Day four – KiteFoil Gold Cup Weifang

Maxime Nocher - KiteFoil Gold Cup

Multiple World Title Holder Nocher Forges to Front of Pack with Model Racing


Words: Ian Mackinnon / Photos: Alex Schwarz

Monaco’s Maxime Nocher surged to the head of the order at the KiteFoil World Series’ opening act in China, taking four wins from seven on the competition’s penultimate day that was packed with drama that proved costly for his rivals. But the multiple world champion was a model of searingly-quick consistency even up against one of the fastest fleets that have ever gathered to battle for the unprecedented €60,000 prize money on the Yellow Sea track off Weifang Binhai, eastern China.


KiteFoil Gold Cup - Connor Bainbridge

Connor’s done well to hold on to his win up to now, but all is not lost!

By contrast, the leader for the opening three of the regatta’s five days, Britain’s Connor Bainbridge, slipped to second overall after a slightly mixed outing in perfect KiteFoil racing conditions with breezes that ranged from 13kts to 19kts under clear skies. The Briton, along with fellow countryman Guy Bridge sitting in fourth, felt they had lost their focus partly as a result of one of the more bizarre incidents to befall KiteFoil racing that occurred in day four’s opening exchange. As the pair battled neck-and-neck for the lead on the second upwind leg, both racers’ kites were taken out the air by the downwash from a Chinese military rescue helicopter that had been hovering low over course, apparently watching the proceedings. Both crashed and Bainbridge, in particular, had difficulty relaunching his kite. Both eventually finished the race down the order, but on appeal were given redress and average points for the race that helps keep them in contention for a podium finish.

Bridge, younger brother of Olly Bridge, seemed unfazed by the incident and went on to clinch two wins in succession. But after a break, he picked up a costly disqualification for crossing the start line early along with reigning Formula Kite World Champion, France’s Nico Parlier, who now sits third overall. Bridge’s disqualification cost him the leaderboard top spot that he briefly held during the day. Some ill-luck afterwards when he hit debris and crashed several times while battling for the lead put him down to fourth overall. The constant trading of positions at the head of the fleet is a reflection of the mounting pressure and the stratospheric level at the first of the four-stop International Kiteboarding Association (IKA) KiteFoil tour that will crown the best overall racer as world champion.


Maxime Nocher - KiteFoil Gold Cup

Maxime was near-faultless on day four

Parlier, who recently lifted his second successive Formula Kite world title in Aarhus, Denmark, has grown quicker over the competition and scored a bullet in the final race of day four. But he acknowledges he let his concentration slip after he was crowned. “It’s really hard here,” he said. “I relaxed a little bit too much after the worlds. I went to do some coaching at the KiteSpeed World Championships and I didn’t train on our new foil and kites, so I feel I’m missing a bit. But I’m getting better through the competition.”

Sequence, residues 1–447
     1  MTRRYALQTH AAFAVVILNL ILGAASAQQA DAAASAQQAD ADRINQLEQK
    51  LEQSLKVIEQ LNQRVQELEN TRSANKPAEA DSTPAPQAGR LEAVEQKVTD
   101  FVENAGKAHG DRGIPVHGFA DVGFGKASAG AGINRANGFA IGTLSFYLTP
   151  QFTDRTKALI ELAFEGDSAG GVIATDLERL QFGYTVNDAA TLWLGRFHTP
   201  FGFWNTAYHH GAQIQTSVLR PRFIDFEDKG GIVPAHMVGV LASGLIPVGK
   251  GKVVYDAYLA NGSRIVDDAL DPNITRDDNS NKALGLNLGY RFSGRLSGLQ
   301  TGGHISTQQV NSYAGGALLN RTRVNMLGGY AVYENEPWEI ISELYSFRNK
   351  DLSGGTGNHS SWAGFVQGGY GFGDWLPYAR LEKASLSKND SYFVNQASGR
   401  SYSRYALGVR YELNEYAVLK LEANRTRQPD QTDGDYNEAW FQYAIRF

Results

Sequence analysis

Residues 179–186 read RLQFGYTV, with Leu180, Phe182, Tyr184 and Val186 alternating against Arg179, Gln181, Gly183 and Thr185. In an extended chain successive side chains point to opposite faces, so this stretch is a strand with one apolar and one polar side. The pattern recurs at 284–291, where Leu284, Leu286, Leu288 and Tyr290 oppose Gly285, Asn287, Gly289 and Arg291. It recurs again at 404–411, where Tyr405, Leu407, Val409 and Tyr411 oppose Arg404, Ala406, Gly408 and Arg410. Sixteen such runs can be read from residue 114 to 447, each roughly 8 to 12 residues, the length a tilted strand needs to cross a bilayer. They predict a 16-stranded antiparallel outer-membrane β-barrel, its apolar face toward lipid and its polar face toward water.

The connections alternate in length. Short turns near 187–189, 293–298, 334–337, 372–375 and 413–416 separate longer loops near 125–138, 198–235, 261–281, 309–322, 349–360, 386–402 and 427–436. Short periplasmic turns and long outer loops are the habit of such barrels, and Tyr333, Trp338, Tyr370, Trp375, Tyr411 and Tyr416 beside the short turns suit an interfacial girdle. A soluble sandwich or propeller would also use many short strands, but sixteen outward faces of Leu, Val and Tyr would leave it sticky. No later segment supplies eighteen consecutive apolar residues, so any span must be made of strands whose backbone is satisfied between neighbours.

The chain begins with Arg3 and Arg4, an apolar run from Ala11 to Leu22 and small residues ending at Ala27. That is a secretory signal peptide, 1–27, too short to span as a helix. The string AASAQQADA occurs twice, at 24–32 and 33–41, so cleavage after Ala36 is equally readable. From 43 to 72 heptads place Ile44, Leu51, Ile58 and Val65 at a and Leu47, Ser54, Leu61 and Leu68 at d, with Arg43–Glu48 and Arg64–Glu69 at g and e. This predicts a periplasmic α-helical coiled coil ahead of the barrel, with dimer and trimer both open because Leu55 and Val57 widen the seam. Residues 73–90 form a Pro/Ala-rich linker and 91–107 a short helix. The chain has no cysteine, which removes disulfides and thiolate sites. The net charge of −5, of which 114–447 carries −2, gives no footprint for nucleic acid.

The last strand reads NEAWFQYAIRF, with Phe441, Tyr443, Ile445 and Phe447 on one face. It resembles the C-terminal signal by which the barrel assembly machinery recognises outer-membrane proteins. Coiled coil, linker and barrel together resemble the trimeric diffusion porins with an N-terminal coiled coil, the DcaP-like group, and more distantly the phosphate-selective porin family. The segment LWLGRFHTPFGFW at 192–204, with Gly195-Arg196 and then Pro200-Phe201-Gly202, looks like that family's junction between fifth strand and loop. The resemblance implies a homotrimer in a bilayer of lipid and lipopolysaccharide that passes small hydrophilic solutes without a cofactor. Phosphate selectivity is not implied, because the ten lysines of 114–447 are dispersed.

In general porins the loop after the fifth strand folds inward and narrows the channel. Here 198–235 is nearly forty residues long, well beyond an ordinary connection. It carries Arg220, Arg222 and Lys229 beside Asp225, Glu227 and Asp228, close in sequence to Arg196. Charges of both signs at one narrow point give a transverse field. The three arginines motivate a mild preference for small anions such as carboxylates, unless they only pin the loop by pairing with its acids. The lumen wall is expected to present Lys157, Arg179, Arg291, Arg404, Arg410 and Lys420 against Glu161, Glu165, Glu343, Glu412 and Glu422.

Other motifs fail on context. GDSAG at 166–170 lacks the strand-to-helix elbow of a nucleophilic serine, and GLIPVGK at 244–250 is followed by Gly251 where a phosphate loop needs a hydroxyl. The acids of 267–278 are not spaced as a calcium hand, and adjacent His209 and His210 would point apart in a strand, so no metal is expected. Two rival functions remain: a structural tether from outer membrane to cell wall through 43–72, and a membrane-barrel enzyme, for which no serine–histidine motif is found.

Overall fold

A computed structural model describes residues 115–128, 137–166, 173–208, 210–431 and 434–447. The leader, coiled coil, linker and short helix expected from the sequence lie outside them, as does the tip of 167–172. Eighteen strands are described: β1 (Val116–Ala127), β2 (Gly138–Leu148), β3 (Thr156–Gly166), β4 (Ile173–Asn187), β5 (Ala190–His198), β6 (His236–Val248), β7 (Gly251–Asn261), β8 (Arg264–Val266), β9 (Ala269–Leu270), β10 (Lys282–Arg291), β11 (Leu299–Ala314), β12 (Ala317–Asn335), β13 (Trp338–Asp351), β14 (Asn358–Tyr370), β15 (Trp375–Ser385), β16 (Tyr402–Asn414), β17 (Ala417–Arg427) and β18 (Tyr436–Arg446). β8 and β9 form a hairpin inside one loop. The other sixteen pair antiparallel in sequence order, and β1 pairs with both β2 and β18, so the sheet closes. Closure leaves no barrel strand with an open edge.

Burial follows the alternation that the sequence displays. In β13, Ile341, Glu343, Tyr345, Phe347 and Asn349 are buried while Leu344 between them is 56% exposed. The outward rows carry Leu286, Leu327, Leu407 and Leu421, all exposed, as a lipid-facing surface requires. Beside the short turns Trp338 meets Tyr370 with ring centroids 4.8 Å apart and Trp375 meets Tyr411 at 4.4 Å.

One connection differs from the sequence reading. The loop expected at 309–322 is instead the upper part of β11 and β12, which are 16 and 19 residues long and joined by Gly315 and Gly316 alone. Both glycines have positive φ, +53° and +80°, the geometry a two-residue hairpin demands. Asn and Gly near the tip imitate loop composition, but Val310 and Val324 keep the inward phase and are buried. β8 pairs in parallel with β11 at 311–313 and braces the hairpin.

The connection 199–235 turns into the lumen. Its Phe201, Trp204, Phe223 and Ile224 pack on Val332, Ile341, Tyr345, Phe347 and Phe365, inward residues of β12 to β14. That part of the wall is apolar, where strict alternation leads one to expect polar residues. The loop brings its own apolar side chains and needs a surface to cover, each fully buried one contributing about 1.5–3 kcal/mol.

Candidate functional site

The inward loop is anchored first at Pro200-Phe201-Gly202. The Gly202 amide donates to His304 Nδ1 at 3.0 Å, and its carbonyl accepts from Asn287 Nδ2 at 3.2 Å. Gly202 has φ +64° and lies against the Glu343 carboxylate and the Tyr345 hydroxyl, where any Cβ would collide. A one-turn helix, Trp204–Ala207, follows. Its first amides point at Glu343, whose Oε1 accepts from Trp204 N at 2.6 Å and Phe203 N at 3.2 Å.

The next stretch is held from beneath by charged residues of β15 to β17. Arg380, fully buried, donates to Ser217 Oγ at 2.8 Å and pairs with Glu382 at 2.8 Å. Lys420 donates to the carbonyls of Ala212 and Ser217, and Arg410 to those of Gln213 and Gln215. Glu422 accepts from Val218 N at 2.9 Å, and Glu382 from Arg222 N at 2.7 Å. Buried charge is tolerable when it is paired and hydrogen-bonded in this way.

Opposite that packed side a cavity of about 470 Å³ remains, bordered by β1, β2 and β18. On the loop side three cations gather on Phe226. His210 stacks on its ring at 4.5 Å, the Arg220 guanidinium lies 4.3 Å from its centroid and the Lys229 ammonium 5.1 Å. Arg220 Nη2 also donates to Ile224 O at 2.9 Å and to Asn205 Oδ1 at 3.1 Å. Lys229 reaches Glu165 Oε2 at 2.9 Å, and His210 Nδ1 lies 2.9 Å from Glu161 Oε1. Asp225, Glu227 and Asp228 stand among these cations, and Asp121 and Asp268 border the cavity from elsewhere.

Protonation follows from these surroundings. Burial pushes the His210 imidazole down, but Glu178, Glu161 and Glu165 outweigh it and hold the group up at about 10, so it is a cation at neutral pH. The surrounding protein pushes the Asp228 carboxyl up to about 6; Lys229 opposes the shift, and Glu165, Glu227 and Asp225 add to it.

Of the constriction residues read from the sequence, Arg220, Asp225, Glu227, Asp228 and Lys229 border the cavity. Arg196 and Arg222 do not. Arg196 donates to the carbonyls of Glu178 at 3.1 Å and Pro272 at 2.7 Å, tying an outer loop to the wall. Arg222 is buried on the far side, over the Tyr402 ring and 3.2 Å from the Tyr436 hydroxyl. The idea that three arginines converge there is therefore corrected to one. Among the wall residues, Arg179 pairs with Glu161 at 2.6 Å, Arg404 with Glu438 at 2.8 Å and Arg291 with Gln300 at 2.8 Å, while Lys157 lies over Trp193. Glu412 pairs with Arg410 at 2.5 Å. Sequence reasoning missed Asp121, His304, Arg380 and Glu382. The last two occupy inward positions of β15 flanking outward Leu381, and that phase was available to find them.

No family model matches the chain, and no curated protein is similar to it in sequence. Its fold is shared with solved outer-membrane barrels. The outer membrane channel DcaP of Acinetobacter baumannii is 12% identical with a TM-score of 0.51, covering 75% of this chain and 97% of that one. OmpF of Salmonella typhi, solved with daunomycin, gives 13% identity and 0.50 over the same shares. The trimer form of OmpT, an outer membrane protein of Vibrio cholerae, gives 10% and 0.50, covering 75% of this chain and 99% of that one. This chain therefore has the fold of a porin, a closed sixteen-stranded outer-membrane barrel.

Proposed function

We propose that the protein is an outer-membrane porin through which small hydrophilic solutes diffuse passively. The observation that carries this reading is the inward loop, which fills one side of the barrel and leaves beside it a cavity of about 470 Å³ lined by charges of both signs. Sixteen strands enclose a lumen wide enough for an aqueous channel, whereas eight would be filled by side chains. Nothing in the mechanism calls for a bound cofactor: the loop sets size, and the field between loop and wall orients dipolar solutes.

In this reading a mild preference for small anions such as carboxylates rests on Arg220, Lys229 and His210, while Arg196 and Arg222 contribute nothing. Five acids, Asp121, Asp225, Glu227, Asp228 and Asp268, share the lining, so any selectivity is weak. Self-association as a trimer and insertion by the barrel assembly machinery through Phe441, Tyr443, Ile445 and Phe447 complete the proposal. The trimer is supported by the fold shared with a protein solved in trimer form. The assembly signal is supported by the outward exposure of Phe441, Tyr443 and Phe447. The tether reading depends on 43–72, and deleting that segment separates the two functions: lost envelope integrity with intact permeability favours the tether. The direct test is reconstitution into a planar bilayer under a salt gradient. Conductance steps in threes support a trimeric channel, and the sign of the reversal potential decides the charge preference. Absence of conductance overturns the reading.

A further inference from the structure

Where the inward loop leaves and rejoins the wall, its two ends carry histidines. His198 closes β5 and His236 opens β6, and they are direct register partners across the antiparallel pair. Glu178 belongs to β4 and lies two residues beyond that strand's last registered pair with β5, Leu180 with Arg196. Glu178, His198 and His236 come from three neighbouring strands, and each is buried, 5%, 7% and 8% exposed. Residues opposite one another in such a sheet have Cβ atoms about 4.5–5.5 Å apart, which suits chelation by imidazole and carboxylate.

Nico Parlier - KiteFoil Gold Cup

Parlier – not feeling the the pressure

Bainbridge was quite phlegmatic about his mixed day that saw the lead slip from his grasp despite a clutch of high-placed finishes that were still not enough to match his early performances. “I have to say ‘fair play’ to Maxime Nocher,” said Bainbridge. “He has raced fairly and consistently, always racing his own races. All the rest of us made mistakes. The level is so high, the highest we’ve ever seen in foiling. No one is consistently getting ‘bullets’ because the slightest mistake becomes costly.”

Nocher appears to be hitting his stride just as the competition reaches its climax, taking two second places along with his day’s four wins. But unlike rivals, he has stayed clear of trouble and posted no poor scores that have pulled the others down. “It was a good day and a long day,” said Nocher, as he landed his kite. “I used my 15m kite and it’s been perfect in these conditions with good wind over the whole day. I’m really happy about my position, but I’m not going out to celebrate just yet.”


Top three men after 19 races (three discards)

    Maxime Nocher (MON), 38.0pts

    Connor Bainbridge (GBR), 52.2pts

    Nico Parlier (FRA), 60.0pts


Top three women after 19 races (three discards)

    Daniela Moroz (USA), 218.0pts

    Elena Kalinina (RUS), 288.0pts

    Kirstyn O’Brien (USA), 378.0pts

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